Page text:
Fun with AMI (node-red)

(Lorne Gaetz) #1

As a result of this thread a few weeks ago, I was reminded once again that

  • I don’t have much in the way of practical knowledge of how the Asterisk AMI works and
  • There is no simple resource to monitor a FreePBX phone dev state in real time

Since I’ve occasionally needed something like this, and since I was cooped up in quarantine and on vacation simultaneously, I set out to remedy those two problems. The result is this script:

In it’s present form, nobody would call it elegant. As my goal was largely to learn more about the AMI, it doesn’t do much. When you run it, every time an extension hint changes it echos to the console:

exten:  5002 status: 1 statustext:  InUse
exten:  5002 status: 0 statustext:  Idle
exten:  5002 status: 1 statustext:  InUse
exten:  5004 status: 8 statustext:  Ringing
exten:  5004 status: 1 statustext:  InUse
exten:  5002 status: 0 statustext:  Idle
exten:  5004 status: 0 statustext:  Idle

I have a vague sense that PHP is not the best language for this purpose, but I didn’t need to saddle myself with learning a new language as well as the AMI. And as the saying goes, “If your only tool is a hammer …”

Anyone who wants to give it a try is welcome to do so by:

cd /tmp
chmod +x lgaetz-hinterland.php

Make some calls and watch the console. Comments, corrections, etc. cheerfully received.

External Status Light for phone
Headmaster's Busy/Free light
(Itzik) #2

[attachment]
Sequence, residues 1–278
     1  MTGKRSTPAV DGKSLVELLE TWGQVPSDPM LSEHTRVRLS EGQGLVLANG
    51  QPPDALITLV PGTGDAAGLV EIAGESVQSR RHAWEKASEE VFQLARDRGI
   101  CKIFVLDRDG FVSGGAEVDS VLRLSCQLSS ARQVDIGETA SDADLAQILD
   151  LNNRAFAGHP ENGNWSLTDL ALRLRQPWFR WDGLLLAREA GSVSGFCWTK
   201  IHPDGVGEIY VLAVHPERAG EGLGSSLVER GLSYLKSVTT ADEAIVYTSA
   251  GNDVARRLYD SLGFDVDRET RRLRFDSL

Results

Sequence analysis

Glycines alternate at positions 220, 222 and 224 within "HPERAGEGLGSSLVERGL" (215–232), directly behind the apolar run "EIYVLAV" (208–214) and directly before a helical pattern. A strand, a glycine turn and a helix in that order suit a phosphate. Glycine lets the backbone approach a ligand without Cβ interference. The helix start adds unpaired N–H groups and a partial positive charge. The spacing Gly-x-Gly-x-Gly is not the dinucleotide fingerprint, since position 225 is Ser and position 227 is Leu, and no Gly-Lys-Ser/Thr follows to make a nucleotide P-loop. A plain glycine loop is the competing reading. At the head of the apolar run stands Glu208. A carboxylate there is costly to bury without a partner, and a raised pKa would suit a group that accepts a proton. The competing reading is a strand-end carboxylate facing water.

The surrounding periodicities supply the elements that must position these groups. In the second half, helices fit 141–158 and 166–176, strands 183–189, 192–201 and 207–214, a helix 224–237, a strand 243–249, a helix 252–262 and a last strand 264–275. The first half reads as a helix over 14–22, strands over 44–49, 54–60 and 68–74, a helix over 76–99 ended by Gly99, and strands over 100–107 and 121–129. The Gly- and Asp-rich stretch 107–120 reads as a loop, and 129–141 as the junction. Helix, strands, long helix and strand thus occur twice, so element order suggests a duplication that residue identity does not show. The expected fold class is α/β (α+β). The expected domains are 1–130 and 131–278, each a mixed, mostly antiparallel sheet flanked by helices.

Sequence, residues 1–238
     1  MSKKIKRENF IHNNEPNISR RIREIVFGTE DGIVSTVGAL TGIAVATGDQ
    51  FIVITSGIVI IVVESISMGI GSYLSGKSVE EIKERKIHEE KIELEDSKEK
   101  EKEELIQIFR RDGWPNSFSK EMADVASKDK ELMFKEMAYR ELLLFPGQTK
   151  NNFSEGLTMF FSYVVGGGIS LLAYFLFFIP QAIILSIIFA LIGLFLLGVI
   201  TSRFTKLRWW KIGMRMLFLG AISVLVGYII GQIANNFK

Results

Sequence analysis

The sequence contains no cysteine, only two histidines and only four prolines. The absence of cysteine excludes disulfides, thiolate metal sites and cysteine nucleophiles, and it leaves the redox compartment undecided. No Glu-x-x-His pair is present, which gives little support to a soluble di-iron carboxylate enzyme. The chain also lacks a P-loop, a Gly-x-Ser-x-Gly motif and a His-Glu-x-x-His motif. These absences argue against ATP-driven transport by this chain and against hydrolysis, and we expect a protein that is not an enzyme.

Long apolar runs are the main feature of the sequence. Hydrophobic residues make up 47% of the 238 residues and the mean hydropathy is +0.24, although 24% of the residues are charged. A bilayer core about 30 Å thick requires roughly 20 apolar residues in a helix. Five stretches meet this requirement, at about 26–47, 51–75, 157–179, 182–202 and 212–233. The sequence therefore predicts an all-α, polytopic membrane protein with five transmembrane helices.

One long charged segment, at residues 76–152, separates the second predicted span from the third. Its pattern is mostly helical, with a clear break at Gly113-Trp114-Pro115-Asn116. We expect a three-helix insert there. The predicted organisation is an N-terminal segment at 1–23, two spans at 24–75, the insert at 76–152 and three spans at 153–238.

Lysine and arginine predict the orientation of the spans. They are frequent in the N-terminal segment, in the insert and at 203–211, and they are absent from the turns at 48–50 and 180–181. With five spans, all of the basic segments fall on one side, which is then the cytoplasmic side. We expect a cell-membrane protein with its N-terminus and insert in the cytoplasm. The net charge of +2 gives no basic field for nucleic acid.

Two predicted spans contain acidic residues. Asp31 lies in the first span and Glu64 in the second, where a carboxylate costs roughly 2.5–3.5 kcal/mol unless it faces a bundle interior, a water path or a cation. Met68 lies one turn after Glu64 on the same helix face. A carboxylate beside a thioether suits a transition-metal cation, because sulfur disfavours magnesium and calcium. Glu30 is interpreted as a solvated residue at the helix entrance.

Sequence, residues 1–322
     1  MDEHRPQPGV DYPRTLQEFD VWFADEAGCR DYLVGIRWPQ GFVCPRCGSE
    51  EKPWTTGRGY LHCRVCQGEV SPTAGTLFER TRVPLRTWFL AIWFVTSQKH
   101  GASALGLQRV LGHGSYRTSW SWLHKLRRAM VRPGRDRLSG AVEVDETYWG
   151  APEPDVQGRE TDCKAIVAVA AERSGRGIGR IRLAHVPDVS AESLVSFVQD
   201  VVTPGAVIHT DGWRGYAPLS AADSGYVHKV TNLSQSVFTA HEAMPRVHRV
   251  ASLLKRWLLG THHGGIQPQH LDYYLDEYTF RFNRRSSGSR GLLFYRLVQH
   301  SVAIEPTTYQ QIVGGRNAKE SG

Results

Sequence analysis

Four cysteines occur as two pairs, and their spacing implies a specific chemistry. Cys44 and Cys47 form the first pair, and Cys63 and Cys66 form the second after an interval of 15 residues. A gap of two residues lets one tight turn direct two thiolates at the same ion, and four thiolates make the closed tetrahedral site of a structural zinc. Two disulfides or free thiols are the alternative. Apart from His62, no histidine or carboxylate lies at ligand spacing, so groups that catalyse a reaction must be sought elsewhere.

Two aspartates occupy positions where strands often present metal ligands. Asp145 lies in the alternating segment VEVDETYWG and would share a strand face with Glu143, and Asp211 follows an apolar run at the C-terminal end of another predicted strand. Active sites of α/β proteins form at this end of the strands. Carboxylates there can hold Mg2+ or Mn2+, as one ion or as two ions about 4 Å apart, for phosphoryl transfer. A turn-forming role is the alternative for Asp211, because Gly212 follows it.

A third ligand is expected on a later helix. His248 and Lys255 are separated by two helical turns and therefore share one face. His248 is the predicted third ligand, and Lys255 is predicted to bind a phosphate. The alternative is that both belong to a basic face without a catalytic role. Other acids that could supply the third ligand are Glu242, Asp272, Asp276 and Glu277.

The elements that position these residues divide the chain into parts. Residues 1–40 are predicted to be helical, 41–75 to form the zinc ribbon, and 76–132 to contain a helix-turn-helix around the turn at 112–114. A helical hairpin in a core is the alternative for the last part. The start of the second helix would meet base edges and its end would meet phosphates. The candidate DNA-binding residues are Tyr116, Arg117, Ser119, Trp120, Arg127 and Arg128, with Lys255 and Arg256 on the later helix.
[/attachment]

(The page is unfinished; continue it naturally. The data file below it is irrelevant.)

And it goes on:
Never really played with AMI or ARI.

However, I do see that you do a http request with ARI


Once authenticated (you can probably pass the credentials in the string as well), you’ll get:

    "technology": "SIP",
    "resource": "101",
    "state": "online",
    "channel_ids": []
    "technology": "PJSIP",
    "resource": "201",
    "state": "offline",
    "channel_ids": []

(Dave Burgess) #3

… and the output of that structure drops nicely into PERL as an array of associative arrays.

(PbxNoob) #4

Cool, Lorne, thanks very much! Looks like I can run this as is with Node Red and just monitor the output of the script as spawn process. Thanks!!

(Lorne Gaetz) #5

Hi @pbx_noob

Share your results. I have wanted to revisit this concept using non-blocking node, but time is short.

(PbxNoob) #6

Well, at the moment it looks like this…we’ll see how testing goes! :slight_smile:

(Lorne Gaetz) #7

Great, looks like Node Red runs just fine locally on the Distro. There’s another weekend wasted.

(Lorne Gaetz) #8

Hey @pbx_noob

Were you aware there is native support in node red for an Asterisk AMI connector?

(PbxNoob) #9

arrrr!!! noo! :rofl::zipper_mouth_face::tired_face:

(D E) #10

Is it just me or does the ‘events’ filter not do anything? I have ‘call’ set in events (and have tried other event names) but it seems to just send everything.

(Lorne Gaetz) #11

There are a lot of events, even an a seemingly idle system. I think it probably is working, there’s just a ton of data. [edit - I think you’re right, it’s probably not filtering.] First thing I did was create a switch that looks for ExtensionStatus events to mimic the hinterland script and that cuts down on most of the events.


(Lorne Gaetz) #12

Cold rainy Saturday, so perfect for playing with Node Red. I got this really simple flow working:

Which sends the extension number and status to an IFTTT webhook in real time, which allows me to do things like dump them to a slack channel:


and post to twitter:

(Itzik) #13

This is cooooooool!!!

(D E) #14

It’s brilliant! Allows me to put this into practice hopefully! So pleased about spotting this. Thanks all!

(Lorne Gaetz) #15

After Saturday’s fun with AMI events, I spent time Sunday sending events to the AMI. This took quite a bit more to figure out, but eventually I got Node Red to generate a call from a local extension to the echo test. Flow looks like this:

Originate node config looks like this:

(Lorne Gaetz) closed #16

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